Federer and Godsick were also interested in maximizing his commercial potential. Gillette, the Boston-based razor company, was looking for brand ambassadors to succeed the soccer star David Beckham. It was already focused on Woods and had winnowed the other final candidates to a small group that included Federer and Nadal. A real-life connection with Woods surely could not hurt. When Federer faced Roddick in the 2006 U.S. Open final, Woods met Federer beforehand. When the final began, Woods was in the front row of Federer’s box with his wife, Elin Nordegren, on one side and Mirka on the other. “It wasn’t some stunt to get the Gillette deal,” Godsick said. “Tiger and Roger just wanted to meet. The U.S. Open was the only time we could make it work.” But the optics, with Woods at the peak of his fame, were clearly valuable to Federer. In February 2007, Gillette named Federer a brand ambassador, along with Woods and the French soccer player Thierry Henry.
The relationship with Gillette lasted longer for Federer than it did for Woods, who in 2009 had to deal with revelations of his serial infidelity and the subsequent collapse of his six-year marriage. Agents within the sports industry believe that Federer benefited from the implosion of Woods’s image. “It took Roger a while, many Grand Slam victories, to get it going,” Max Eisenbud said. “But I’ve just never seen a more complete package than him, and I think when a lot of things started to happen, the Tiger Woods controversy, and brands started to get really uptight and worried about brand associations, Roger really catapulted himself because he was as safe as safe could be.”
By 2013, Federer’s annual income had reached an estimated $71.5 million, boosted by his first South American exhibition tour and a new endorsement deal with Moët & Chandon. That put him second on the 2013 Forbes list of the world’s highest-paid athletes, behind Woods and ahead of the basketball star Kobe Bryant. Still, the bulk of his staggering financial success was in his future. And the factor that allowed that incredible liftoff to take place was, above all, his singular personality.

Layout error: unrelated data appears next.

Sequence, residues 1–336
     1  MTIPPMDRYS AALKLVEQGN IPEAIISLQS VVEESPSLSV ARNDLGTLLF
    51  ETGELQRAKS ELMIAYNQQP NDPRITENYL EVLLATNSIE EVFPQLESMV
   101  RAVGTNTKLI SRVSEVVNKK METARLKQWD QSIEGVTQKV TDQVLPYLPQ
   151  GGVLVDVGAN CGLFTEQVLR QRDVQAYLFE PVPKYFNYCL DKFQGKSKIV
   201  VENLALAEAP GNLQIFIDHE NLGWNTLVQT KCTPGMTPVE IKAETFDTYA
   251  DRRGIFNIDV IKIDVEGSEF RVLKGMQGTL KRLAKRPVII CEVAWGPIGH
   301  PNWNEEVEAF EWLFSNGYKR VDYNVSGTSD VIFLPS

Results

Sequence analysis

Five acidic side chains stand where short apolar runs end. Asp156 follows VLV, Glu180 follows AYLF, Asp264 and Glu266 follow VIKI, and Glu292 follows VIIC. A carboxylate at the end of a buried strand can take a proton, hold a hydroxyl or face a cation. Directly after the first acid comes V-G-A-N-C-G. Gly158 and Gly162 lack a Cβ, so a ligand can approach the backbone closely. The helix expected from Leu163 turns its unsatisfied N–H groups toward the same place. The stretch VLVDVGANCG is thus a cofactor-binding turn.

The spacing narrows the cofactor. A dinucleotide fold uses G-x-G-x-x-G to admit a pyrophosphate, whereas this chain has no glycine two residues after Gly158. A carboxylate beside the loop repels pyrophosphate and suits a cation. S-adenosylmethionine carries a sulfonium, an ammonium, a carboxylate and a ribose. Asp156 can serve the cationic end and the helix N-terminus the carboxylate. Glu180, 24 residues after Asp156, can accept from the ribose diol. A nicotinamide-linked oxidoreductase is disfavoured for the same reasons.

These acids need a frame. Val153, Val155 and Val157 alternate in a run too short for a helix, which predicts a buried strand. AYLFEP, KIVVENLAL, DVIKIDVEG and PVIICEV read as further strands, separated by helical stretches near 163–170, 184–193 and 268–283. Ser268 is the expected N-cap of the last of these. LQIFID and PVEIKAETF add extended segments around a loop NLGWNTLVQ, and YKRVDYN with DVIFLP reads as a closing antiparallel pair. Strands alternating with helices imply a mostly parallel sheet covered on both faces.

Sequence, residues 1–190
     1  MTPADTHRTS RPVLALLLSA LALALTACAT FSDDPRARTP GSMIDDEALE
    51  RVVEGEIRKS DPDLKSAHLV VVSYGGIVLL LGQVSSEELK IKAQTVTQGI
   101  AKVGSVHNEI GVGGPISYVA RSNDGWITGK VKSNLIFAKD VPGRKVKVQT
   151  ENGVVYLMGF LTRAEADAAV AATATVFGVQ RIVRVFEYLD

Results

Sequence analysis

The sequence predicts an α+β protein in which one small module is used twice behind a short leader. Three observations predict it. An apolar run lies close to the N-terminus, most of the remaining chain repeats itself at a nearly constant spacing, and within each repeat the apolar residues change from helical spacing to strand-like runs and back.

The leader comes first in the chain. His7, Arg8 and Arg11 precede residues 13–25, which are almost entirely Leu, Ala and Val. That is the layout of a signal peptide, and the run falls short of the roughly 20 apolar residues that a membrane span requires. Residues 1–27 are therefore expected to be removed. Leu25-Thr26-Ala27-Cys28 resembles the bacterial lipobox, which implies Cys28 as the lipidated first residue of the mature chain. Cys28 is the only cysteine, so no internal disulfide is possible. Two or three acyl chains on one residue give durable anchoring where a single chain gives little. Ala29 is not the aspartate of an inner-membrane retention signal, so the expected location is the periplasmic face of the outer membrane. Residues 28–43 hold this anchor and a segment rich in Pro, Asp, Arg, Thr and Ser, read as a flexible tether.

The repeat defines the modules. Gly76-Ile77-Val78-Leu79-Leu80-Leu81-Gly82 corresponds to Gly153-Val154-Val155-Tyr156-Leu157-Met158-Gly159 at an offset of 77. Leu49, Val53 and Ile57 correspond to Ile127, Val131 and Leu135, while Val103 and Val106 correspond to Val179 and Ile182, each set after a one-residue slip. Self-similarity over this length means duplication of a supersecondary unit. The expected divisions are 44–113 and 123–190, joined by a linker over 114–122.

The French have a fine expression that applies to Federer: “joindre l’utile à l’agréable,” which translates loosely as “combining business with pleasure” but is actually broader in scope, encompassing the tasks of daily life. If you wonder how Federer managed to remain in the top 10 until age 40, part of the answer lies in his ability to embrace what some other prominent athletes might consider drudgery. That applies to long-haul travel, news conferences in three languages and mundane one-on-one interactions with various corporate partners.
It is in that last category of task — his knack for delivering personalized service with sponsors — that Federer’s performance has been especially remarkable. Even in his early years, he would endeavor to visit all 20 of the sponsor suites at the Swiss Indoors to meet and greet. He has stuck with that philosophy. “He’s just so good if you’ve seen him with sponsors, with C.E.O.s,” Eisenbud said. “He just has the ability to make you feel like he really cares what you are saying and he has time for you. He’s never rushing you. If you’re a fan at a hundred-person event that one of his sponsors puts on and you are talking to him, he makes you feel he has all the time in the world to talk to you and hear what you have to say. I think it’s genuine, and I’ve never seen another athlete like that, and I think it has a lot to do with how he was brought up.”